Now that it's almost fall and there is a hint again of things passing, I think about a boy who once looked out a window, and wistful about time slipping by, he made it stop. Yes, he stopped time.
I love this story. It was told by Loren Eiseley, an anthropologist and one of my favorite science writers. Eiseley grew up in Nebraska and one day, when he was in high school, he happened to glance out the window and saw a junkman heading up a city street.
In 1923, junkmen collected potentially valuable garbage and hauled it off for resale. This particular junkman, Eiseley wrote, had "a broken old horse plodding before a cart laden with bags of cast-off clothing, discarded furniture and abandoned metal. The horse's harness was a makeshift combination of straps mended with rope. The bearded man perched high in the driver's seat looked as though he had been compounded from the assorted junk heap in the wagon bed."
A few moments later, when the junkman and his wagon were about to round a corner at the intersection of R and 14th streets, Loren says he "leaned from a high school window a block away, absorbed as only a sixteen year old may sometimes be with the sudden discovery of time. It is all going, I thought with the bitter desperation of the young confronting history. No one can hold us. Each and all, we are riding into the dark."
That is when he stopped the world.
"I had thought instantly, now, save him, immortalize the unseizable moment. The junkman is the symbol of all that is going or is gone. He is passing the intersection into nothingness. Say to the mind, 'Hold him, do not forget.'"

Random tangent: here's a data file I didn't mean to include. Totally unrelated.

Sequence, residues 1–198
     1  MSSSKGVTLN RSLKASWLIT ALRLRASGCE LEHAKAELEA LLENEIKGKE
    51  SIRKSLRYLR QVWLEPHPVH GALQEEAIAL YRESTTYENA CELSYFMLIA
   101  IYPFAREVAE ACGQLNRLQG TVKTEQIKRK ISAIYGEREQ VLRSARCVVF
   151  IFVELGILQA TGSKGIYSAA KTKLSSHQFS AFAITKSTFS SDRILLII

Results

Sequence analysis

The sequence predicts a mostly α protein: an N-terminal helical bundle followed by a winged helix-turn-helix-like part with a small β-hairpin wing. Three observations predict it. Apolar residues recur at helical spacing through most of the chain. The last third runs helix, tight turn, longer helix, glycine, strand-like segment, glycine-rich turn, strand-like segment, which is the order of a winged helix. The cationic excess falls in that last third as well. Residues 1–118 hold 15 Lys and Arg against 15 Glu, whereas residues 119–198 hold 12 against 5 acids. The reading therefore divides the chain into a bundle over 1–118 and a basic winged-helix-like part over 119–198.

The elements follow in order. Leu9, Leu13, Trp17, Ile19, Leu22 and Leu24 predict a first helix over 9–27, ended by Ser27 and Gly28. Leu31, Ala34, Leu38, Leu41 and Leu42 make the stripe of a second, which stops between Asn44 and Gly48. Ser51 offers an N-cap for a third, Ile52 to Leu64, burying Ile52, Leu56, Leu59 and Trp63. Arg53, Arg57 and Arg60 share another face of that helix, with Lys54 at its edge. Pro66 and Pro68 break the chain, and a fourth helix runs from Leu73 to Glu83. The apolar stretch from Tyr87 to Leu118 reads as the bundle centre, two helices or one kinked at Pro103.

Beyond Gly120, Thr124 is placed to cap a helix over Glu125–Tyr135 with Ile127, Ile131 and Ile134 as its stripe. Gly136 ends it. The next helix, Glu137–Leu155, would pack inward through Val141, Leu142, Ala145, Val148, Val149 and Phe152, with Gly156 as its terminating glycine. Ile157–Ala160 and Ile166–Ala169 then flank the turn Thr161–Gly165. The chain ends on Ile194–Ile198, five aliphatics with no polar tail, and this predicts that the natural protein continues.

And so he snapped an image in his head, and froze the junkman in place just before he went out of sight.
Forty-six years later, when he wrote his essay, Eiseley supposed "the man on the wagon is dead, his cargo disbursed, never to be reassembled. The plodding beast has been overtaken by whatever fate comes upon a junkman's horse." But in his mind the junkman was still turning onto R Street, held in mid-turn, "prevented from departing".
"The power to free him is not mine," Eiseley wrote. "He is held enchanted because long ago I willed a miniature of history, confined to a single brain." As long as Eiseley's heart kept beating, as long as oxygen kept flowing to his neurons, that junkman would stay frozen. Such is the power of mind.
Until Loren Eiseley died in 1977. At that moment, one imagines, the junkman was released and allowed to fade away, in effect completing his long delayed escape onto R Street, except for the inconvenient fact that he had slipped from Eiseley's brain onto a page, then to a book, then to many books, then to my mind and now into yours.
That poor junkman. His escape has been thwarted so many times that he may be stuck mid-turn for centuries. Such is the power of a good story.
Oh, And One More Thing…
Eiseley's frozen image of the junkman reminds me of this observation from neuroscientist David Eagleman: "There are three deaths. The first is when the body ceases to function. The second is when the body is consigned to the grave. The third is that moment, sometime in the future, when your name is spoken for the last time."
The stories children tell about their grandparents, great-grandparents keep those people glimmering, if only for a few generations. Then, like almost all of us, they wink into oblivion.
But, every so often someone comes along, a Loren Eiseley, or more emphatically, a Leonardo, and he decides to paint a picture of lady, the wife of a merchant in his town, Francesco del Giocondo. He paints the painting. At the Louvre, it is called Portrait of Lisa Gherardini and magically that lady – who lived modestly in the 1500s -- escapes her third death because we still talk about her.
We don't call her by her full name any more. Mona, I have read, is a contraction of "Madonna", similar to Ma'am, or M'lady in English. In modern Italian the short form of Madonna is typically spelled Monna. But she's still "Lisa" and I think that counts.
So by Dr. Eagleman's definition, she is not dead yet. Not even close.
The junkman… with no name, he is, I suppose, much closer to gone.